When I was young, I loved to go fishing. I grew up in Dassel, Minnesota a small town about 40 miles south of St. Cloud.On Sunday afternoons, my family would often visit my Uncle Walter and Aunt Lydia, my mother’s oldest sister. They lived on farm northeast of Dassel. What I loved about the farm was the river. The north branch of the Crow River meandered through the property. During summer visits, my family spent hours fishing for northerns, sunfish and crappies.
One Labor Day weekend, when I was about 6 years old, we were fishing on a warm afternoon. Suddenly, my mother got excited because she saw an enormous fish. It looked like a log floating by in the stream. In retrospect, maybe it was a sign.
Not long after this, my Aunt Lydia came out of the house sobbing. She told us, as we stood there holding our fishing poles, that my grandfather—the father of my mother and Lydia—had just died of a heart attack.
When we got to my grandfather’s house, my grandma Ida told us a strange story. Just before he died, grandpa called her into the bedroom. “They’re coming to take me,” Grampa Bill told her, pointing at someone she could not see. With those words, he passed away.
Back then, I wondered—and to be honest, I still wonder today—who came to take my grandfather? Was it God? Was it Jesus? Was it angels? People who have had near-death experiences tell of meeting spouses and parents and friends. Loved ones who passed before. And a bright light that welcomes them to their eternal home. I like to think that’s what happened to my grandpa. A holy encounter with love. An epiphany.
As a child, I remember my mother repeating that story about the big fish and my grandpa. In my six-year-old mind, the death of my grandfather was forever connected to that afternoon of fishing on my uncle’s farm.
In a similar way, today’s Gospel story links fishing with a major event in the life of Jesus and Peter.
Like my hometown, first-century Capernaum was small—only about 1,000 people. A fishing village on the shore of the Sea of Galilee, called Lake Gennesaret in this lesson. Of course, the way people fished at the time was very different than when I was a kid. Instead of the long cane pole I used as a boy, they used fishing nets, dragged behind their boats.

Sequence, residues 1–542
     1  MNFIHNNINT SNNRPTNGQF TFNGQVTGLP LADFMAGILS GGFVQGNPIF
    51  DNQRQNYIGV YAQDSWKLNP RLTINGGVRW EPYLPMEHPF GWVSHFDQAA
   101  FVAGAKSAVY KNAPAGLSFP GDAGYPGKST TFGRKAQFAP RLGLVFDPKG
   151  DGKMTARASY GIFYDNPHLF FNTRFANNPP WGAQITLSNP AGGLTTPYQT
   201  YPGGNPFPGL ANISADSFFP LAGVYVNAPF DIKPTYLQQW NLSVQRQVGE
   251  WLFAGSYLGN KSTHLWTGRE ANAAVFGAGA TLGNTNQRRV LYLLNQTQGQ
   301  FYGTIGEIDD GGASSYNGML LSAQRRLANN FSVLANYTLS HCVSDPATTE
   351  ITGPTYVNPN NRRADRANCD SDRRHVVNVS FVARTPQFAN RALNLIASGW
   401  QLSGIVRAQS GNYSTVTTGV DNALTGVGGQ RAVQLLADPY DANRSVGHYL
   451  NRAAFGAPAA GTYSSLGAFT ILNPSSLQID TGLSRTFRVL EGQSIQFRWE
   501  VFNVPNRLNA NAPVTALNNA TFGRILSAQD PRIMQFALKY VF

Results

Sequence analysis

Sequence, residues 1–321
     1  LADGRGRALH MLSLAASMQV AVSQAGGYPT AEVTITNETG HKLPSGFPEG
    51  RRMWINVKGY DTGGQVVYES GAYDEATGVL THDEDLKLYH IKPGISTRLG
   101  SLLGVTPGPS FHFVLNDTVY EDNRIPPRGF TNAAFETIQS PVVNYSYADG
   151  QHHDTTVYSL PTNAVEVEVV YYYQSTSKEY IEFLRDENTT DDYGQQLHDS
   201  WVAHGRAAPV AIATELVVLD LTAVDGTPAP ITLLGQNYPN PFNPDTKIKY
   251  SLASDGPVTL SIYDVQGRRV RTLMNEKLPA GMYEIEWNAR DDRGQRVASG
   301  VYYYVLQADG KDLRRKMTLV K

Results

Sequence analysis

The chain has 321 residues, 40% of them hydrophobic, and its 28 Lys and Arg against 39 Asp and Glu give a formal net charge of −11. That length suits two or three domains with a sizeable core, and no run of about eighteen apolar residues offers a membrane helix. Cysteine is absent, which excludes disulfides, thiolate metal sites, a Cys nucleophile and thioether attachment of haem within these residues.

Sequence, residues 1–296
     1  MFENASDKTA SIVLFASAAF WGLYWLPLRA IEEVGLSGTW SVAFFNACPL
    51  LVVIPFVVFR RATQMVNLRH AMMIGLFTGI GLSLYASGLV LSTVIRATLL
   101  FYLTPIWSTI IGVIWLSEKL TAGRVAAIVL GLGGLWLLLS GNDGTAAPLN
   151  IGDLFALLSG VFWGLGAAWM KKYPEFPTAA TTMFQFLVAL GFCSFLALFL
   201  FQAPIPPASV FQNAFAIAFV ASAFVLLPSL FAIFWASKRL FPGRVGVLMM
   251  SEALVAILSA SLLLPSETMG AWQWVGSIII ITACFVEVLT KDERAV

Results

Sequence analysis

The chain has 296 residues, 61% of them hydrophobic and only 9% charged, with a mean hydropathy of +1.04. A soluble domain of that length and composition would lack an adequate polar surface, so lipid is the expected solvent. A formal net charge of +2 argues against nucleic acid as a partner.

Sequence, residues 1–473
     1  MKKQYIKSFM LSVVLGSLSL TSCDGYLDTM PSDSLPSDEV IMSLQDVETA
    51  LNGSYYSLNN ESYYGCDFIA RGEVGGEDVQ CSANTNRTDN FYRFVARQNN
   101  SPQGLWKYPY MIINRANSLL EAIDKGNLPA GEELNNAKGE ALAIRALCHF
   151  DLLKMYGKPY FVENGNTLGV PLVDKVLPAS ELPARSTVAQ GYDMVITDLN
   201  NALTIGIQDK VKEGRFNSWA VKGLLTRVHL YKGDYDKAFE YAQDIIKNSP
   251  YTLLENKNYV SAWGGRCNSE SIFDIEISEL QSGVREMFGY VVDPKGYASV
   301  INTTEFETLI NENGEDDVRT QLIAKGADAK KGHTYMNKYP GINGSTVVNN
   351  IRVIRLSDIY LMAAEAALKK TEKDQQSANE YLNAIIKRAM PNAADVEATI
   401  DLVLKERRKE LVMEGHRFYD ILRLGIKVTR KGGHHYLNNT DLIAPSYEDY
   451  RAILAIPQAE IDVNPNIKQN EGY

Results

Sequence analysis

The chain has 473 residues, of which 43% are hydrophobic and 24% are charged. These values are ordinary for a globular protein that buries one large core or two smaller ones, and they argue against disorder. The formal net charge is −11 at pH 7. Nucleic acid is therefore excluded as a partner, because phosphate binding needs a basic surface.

In 1986, archaeologists discovered the remains of a first-century fishing boat, buried in the mud of the Sea of Galilee just south of Capernaum. In fact, it’s called the “Jesus boat,” and today it’s displayed in a small museum next to a kibbutz near there.
I saw that boat when Charlie and I visited Israel seven years ago. The boat is much larger than today’s fishing boats—eight feet wide and 26 feet long. A huge boat that needed a crew to row and steer. The kind of boat used by the fisherman in this story. But for them, fishing was not something you did to relax on a Sunday afternoon.
Fishing was manual work. It was also a team effort—Peter, James and John were partners in their business. They worked side by side from early morning into the hot afternoon. These fishers had little—if any—formal education. Some were illiterate, and many were poor. It’s ironic when you consider that these first disciples would not meet the minimal qualifications for ordination in our Lutheran Church today.
Yet, Peter later became the leader of the early Church. In this ordinary guy, Jesus saw something special. But Peter doesn’t see that in himself. He says, “Get away from me, Lord, for I am a sinful man!” A curious reaction for someone who has just hauled a record-breaking catch of fish. You’d think it would be more like the end of a Super Bowl game—where the winners high-five one another and celebrate their good luck. Well, except for last week’s game, which was not that exciting. Even the half-time show—normally my favorite part—was not very good. Nevertheless, Peter has something to celebrate. But he doesn’t feel that good about it. He sees himself as undeserving, as a sinner.
The prophet Isaiah has a similar reaction, in our first lesson, when he sees God. He cries, “I am a person of unclean lips.” I remember feeling that way when I was in seminary. As a closeted gay man, I was terrified that others would discover my secret, and expose me as a sinner. Now, I know that God did not see me that way back then. Just like Peter, who was afraid Jesus would see only his sinfulness, his brokenness, his self-doubts. But I don’t think Jesus came to make people feel guilty. Jesus came to bring holy love to people like Peter. An epiphany on a smelly fishing boat. Revealing what others cannot see. The presence of God shining into hearts and homes. Amazing grace revealed to shame-filled humans.